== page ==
Nazi war crimes suspect Laszlo Csatary dies
A 98-year-old Hungarian Nazi war crimes suspect, Laszlo Csatary, has died while awaiting trial, his lawyer has said.
Csatary died in hospital in Hungary after suffering from a number of medical problems, said Gabor Horvath.
He at one time topped the list of most wanted Nazi war crimes suspects and is alleged to have helped deport 15,700 Jews to death camps in World War II.
He faced charges relating to his wartime activities in both Hungary and in neighbouring Slovakia.
Mr Horvath said his client died on Saturday morning. "He had been treated for medical issues for some time but contracted pneumonia, from which he died."
Csatary had denied the allegations against him, saying he was merely an intermediary between Hungarian and German officials and was not involved in war crimes.
He was charged in June by Hungarian prosecutors in relation to what they said had been his role as chief of an internment camp for Jews in Kosice, a town then part of Hungary but now in Slovakia.
Kosice, known at the time as Kassa, was the first camp to be established after Germany occupied Hungary in March 1944.
Prosecutors said in a statement that Csatary, a Hungarian police officer at the time, had "deliberately provided help to the unlawful executions and torture committed against Jews deported to concentration camps... from Kosice".
He was accused of regularly beating prisoners with his bare hands and a dog whip.
Csatary, whose full name is Laszlo Csizsik-Csatary, was sentenced to death in his absence in Czechoslovakia in 1948 for war crimes.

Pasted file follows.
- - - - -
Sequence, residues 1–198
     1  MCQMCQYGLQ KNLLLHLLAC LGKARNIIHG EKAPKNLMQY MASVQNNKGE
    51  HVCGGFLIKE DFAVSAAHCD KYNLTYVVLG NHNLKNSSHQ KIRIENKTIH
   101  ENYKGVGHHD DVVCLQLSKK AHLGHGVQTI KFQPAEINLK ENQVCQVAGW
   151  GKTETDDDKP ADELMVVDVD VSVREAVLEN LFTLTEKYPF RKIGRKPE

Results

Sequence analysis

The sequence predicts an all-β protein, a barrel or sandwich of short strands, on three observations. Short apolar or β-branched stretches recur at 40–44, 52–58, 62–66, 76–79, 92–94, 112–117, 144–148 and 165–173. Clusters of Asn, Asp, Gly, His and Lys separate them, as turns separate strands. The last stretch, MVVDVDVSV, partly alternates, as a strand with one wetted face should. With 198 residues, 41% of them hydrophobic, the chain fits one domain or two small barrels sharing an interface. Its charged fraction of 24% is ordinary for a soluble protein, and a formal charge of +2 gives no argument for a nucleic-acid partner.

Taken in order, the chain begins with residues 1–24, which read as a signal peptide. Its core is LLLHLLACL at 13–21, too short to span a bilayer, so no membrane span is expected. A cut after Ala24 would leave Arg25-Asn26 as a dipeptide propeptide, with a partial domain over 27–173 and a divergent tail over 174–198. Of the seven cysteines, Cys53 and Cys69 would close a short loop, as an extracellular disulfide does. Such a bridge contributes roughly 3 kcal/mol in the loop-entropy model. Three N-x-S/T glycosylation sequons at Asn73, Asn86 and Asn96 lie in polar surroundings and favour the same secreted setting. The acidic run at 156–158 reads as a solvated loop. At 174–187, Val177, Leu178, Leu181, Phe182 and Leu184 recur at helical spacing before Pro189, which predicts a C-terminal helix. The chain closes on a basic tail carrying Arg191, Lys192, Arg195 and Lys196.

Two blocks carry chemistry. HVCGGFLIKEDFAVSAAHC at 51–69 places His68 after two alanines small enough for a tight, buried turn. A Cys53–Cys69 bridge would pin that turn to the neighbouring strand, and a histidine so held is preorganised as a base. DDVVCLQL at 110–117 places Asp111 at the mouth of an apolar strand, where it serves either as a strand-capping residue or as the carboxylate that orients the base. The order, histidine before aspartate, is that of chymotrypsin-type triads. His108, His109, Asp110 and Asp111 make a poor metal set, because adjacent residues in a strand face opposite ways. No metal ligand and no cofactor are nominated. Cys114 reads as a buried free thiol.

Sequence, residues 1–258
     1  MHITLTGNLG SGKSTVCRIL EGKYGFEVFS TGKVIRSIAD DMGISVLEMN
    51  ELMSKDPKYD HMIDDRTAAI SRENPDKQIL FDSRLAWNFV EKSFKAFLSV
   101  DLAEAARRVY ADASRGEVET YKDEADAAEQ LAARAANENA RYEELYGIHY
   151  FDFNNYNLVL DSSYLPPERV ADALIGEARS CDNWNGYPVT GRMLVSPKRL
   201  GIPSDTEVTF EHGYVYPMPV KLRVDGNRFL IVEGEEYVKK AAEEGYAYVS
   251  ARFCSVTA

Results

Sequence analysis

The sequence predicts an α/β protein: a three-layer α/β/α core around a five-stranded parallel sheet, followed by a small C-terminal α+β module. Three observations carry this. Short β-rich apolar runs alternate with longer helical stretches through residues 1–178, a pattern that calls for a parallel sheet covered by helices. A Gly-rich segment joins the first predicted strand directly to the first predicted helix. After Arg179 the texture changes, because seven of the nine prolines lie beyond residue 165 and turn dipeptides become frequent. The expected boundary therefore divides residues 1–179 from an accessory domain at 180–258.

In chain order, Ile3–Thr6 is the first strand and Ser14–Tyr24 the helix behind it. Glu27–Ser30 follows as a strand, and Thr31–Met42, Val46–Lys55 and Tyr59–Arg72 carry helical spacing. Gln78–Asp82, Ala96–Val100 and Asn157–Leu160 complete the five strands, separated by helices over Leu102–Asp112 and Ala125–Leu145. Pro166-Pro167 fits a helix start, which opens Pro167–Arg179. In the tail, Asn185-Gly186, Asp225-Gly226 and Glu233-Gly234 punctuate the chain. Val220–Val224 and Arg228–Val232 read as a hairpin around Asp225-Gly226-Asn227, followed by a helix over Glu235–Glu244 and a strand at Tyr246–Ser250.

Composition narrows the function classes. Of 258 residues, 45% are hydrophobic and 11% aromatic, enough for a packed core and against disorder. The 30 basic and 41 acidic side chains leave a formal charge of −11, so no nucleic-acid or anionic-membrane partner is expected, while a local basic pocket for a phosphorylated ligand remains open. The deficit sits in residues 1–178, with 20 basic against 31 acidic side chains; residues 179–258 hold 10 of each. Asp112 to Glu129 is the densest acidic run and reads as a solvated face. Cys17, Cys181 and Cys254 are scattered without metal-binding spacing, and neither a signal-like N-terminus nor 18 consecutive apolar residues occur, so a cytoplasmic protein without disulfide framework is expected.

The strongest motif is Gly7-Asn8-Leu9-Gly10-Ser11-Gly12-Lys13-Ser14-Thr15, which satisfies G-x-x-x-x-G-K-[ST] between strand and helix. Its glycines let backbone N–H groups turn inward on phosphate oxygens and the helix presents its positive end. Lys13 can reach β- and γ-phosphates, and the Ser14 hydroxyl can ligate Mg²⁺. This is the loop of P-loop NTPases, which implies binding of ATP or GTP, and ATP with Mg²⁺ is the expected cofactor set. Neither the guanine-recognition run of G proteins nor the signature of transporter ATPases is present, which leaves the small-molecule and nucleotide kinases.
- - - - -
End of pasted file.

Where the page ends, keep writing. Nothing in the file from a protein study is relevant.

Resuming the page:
Slovakia was seeking his extradition from Hungary so it could formally sentence him although, with the abolition of the death penalty, it intended to imprison him.
The legal proceedings in Hungary were halted last month on the grounds of double jeopardy.
Csatary was named in 2012 by the Nazi-hunting Simon Wiesenthal Center as its most wanted suspect. It claimed he oversaw the deportations of Jews from Kosice to the Auschwitz death camp.
He was tracked down in Budapest in July 2012 by reporters from the UK's Sun newspaper, with help from the Simon Wiesenthal Center, and was put under house arrest.
He had fled to Canada after the war, where he worked as an art dealer in Montreal and Toronto, and disappeared in 1997 after being stripped of his Canadian citizenship.
The US-based Simon Wiesenthal Center said it was "deeply disappointed" by the news of his death.
"It is a shame that Csatary, a convicted... and totally unrepentant Holocaust perpetrator who was finally indicted in his homeland for his crimes, ultimately eluded justice and punishment at the very last minute,'' Efraim Zuroff, the centre's director, said in a statement.
The Simon Wiesenthal Center last month launched its Operation Last Chance II project, offering rewards for information that could help it track down the last surviving Nazi war criminals and bring them to justice.
Among its most wanted is Alois Brunner, a key operative of Adolf Eichmann, who was last seen in Syria in 2001, and Aribert Heim, a doctor at three concentration camps, who disappeared in 1962 and was last seen in Egypt in 1992.